Wednesday, 23 May, 2018

Larry Page's autonomous air taxi 'Cora' flies in New Zealand

Cora can carry two passengers Cora can carry two passengers. Supplied
Sherri Watson | 13 March, 2018, 19:20

The flying auto company led by Udacity CEO Sebastian Thrun and backed by Google co-founder Larry Page is breaking cover with a new deal that will see it test its autonomous electric air taxis with the New Zealand government, with the aim of having a commercial network ready to carry passengers within as little as three years, the New York Times reports. The design is known as the Cora aircraft, a hybrid vertical take-off, and landing creation.

Cora can fly between 500 feet to 3,000 feet above ground, has a 36-foot wingspan and can go at a speed of up to 100 miles an hour.

Kitty Hawk isn't putting a timeframe around when Cora will be available for public flights.

Capacity: Designed for two passengers.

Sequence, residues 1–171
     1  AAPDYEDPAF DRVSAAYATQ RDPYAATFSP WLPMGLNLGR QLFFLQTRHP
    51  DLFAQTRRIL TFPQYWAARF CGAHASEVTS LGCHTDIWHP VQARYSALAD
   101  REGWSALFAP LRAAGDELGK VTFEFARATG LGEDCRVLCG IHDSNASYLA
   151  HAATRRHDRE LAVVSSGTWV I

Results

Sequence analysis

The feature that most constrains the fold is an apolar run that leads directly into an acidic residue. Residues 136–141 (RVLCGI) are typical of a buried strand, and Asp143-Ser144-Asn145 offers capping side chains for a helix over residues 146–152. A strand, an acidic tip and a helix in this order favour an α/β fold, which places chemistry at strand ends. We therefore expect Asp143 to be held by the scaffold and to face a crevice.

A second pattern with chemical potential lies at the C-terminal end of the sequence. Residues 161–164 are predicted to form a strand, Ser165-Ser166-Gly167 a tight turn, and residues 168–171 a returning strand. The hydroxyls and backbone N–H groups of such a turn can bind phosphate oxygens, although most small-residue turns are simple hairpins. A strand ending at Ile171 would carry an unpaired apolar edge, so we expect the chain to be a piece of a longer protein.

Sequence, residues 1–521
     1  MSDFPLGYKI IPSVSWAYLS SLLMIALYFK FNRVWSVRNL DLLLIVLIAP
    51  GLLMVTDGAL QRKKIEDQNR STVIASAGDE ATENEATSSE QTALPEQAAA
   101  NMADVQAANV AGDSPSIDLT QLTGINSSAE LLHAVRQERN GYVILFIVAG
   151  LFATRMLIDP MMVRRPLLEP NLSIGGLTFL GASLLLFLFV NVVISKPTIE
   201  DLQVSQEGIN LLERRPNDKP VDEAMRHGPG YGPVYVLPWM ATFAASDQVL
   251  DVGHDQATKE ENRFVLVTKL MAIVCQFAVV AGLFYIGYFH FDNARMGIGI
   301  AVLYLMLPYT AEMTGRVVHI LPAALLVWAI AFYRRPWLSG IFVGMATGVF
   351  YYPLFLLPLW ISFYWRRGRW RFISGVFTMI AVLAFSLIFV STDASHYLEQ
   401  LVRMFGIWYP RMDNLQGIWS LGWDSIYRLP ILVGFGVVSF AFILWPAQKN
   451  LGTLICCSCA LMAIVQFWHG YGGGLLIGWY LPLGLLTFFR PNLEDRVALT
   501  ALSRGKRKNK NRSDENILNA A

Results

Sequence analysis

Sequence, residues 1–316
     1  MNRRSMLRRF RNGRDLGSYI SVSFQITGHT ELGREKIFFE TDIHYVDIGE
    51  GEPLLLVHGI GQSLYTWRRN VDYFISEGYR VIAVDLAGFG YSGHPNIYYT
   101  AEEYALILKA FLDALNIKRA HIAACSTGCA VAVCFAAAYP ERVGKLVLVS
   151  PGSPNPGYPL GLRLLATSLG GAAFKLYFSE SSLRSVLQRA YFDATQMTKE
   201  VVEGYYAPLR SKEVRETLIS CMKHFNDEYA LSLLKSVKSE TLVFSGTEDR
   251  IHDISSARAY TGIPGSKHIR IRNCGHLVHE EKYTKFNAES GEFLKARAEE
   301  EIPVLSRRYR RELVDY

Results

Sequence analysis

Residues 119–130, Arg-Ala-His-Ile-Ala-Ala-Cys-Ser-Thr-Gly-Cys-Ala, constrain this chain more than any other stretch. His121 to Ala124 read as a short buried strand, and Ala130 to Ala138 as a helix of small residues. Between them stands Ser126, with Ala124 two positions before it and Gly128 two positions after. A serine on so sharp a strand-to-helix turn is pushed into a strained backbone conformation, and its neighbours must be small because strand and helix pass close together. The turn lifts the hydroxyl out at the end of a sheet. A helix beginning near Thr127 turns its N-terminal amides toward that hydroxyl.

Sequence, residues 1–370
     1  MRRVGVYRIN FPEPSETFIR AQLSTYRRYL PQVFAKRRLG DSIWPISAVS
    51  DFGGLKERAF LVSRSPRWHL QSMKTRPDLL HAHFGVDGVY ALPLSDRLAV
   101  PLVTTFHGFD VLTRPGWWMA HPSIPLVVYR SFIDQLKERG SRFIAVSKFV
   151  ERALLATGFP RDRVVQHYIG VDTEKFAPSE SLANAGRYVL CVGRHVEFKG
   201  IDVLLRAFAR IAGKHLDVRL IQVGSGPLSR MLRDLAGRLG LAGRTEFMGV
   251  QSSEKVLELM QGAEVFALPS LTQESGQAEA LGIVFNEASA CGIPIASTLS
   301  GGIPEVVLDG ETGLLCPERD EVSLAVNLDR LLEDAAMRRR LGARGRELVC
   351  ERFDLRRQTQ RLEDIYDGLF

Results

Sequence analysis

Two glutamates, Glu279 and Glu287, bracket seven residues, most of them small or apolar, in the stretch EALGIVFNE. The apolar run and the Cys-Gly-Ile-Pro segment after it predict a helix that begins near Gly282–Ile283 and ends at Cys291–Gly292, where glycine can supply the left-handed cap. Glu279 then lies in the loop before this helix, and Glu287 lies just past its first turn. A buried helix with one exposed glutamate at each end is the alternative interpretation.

Trialling the flying taxi service will reportedly take six years, with operations based around the city of Christchurch.

Kitty Hawk had previously tested another flying vehicle prototype called the "Flyer" last April.

"Zephyr Airworks came here because of the ease of doing business in New Zealand, our safety-focused regulatory environment, our culture of ingenuity and our vision for clean technologies and future transport alternatives". New Zealand prime minister Jacinda Ardern, in an email to The New York Times, explained that her country wants to become "net carbon zero" by 2050, and the Cora can help make that happen.

Kitty Hawk, a Silicon Valley aviation company, revealed that it has conducted secret test flights in New Zealand under the cover of a local subsidiary, Zephyr Airworks. The Porsche board member responsible for sales and marketing talked to us at Geneva about a potential flying Porsche, part of the company's Strategy 2025 that looks at how Porsche's sports cars will fit into the future of transportation. Most times you hear about flying cars, the news is coming from the Middle East or other areas that aren't really seen as leaders in terms of aviation regulation.